National Stronger Regions Fund

Mr STEPHEN JONES (Whitlam) (18:06): I am always delighted to welcome programs which are aimed at delivering more funding to regional Australia. As a representative from the regional area of Whitlam, I know how important it is to get federal funds supplementing local and state funds for new infrastructure projects into regions like ours. Continue reading

National Affordable Housing Agreement

Mr STEPHEN JONES (Whitlam) (13:45): Today I am calling on all members of parliament, in particular members of the coalition parties, to back my call to save the National Affordable Housing Agreement, because we know it is under threat. It can be saved if all members of parliament stand together and ensure that affordable housing still has a place in the national political agenda. Continue reading

Unemployment in our region

  Mr STEPHEN JONES (Whitlam) (10:55): Madam Deputy Speaker Bird, can I say how delighted I am to have you in the chair when I advise the House that next week, on Tuesday, you and I are hosting a jobs forum in the Illawarra at 10.30 at the Illawarra Regional Airport. We will have with us the shadow minister, Brendan O'Connor. I also want to advise the House that shortly thereafter he will be in Nowra for a jobs forum. That is a region recently visited by the Prime Minister to run a political stunt, not a jobs forum, and I think you have there in a nutshell the different priorities of Labor versus the coalition. I am not surprised that the Prime Minister does not have unemployment and jobs on his agenda, because the world he lives in, Deputy Speaker, is very, very different to the world that you and I live in and the places that we represent. Continue reading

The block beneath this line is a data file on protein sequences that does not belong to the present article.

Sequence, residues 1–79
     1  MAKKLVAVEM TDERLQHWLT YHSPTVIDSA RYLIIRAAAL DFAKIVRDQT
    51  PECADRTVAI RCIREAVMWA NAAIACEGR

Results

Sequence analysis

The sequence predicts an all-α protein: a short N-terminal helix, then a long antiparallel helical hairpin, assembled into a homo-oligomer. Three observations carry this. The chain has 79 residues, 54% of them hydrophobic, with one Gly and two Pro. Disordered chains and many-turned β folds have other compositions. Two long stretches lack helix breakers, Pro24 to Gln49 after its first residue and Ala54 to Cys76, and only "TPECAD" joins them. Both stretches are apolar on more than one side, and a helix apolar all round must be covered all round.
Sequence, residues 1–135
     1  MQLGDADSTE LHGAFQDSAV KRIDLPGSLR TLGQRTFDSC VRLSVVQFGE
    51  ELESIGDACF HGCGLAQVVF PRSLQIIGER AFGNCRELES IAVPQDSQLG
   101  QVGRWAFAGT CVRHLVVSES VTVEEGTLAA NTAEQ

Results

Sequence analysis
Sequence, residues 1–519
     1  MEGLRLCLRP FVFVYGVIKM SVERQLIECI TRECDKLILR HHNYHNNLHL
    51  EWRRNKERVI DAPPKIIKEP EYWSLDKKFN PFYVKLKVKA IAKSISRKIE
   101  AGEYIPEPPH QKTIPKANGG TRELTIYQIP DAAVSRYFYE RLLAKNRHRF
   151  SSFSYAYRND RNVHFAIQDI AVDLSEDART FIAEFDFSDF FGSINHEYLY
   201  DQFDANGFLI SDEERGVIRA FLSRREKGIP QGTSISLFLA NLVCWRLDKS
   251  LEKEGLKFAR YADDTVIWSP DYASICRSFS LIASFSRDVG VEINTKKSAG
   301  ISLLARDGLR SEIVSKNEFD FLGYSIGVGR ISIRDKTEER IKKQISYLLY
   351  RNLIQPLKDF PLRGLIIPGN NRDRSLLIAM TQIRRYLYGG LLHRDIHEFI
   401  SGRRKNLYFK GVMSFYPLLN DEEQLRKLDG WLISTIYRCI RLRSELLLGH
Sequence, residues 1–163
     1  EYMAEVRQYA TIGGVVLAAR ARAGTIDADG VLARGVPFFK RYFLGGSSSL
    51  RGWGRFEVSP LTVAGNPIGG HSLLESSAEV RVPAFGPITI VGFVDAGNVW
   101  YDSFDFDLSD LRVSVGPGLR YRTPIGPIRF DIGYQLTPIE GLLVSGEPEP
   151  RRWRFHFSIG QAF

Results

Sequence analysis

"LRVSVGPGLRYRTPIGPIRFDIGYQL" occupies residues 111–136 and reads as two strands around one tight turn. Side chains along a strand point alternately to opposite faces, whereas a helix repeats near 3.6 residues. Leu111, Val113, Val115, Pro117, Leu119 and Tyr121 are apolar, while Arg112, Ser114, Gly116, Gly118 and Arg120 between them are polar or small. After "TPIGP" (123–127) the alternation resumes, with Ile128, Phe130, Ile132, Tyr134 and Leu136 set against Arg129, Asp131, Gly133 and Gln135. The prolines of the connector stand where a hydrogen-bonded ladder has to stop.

Building and Construction Industry (Improving Productivity) Amendment Bill 2017 (Second Reading)

  Mr STEPHEN JONES (Whitlam) (17:46): I note that there are no further government speakers who are willing to get up and defend the legislation that has been put forward in their name, and I can understand full well why. The innocuously named bill, the Building and Construction Industry (Improving Productivity) Amendment Bill 2017, is designed to induce or coerce employers to break an agreement that was made with them in good faith. I will say that again, because it is absolutely true and it is important that every member on the other side understands this. This is a bill designed to coerce or induce employers to break an agreement which has been made with their workforce in good faith. If an ordinary business, a union or a private individual did that, we would call it a crime or we would call it a tort. But when the government does it we call it lawmaking. It is no less a crime or a tort because it is brought forward in the name of the government. Continue reading